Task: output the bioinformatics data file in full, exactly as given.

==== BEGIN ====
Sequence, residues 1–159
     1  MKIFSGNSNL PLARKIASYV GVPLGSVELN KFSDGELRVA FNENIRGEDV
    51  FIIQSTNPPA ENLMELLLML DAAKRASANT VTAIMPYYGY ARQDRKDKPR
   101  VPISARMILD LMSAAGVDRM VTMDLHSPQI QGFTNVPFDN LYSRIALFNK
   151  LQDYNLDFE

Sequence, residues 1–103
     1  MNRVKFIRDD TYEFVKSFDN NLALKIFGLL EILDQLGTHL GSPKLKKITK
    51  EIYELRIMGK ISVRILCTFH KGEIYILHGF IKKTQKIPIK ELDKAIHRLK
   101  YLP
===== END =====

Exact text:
Sequence, residues 1–159
     1  MKIFSGNSNL PLARKIASYV GVPLGSVELN KFSDGELRVA FNENIRGEDV
    51  FIIQSTNPPA ENLMELLLML DAAKRASANT VTAIMPYYGY ARQDRKDKPR
   101  VPISARMILD LMSAAGVDRM VTMDLHSPQI QGFTNVPFDN LYSRIALFNK
   151  LQDYNLDFE

Sequence, residues 1–103
     1  MNRVKFIRDD TYEFVKSFDN NLALKIFGLL EILDQLGTHL GSPKLKKITK
    51  EIYELRIMGK ISVRILCTFH KGEIYILHGF IKKTQKIPIK ELDKAIHRLK
   101  YLP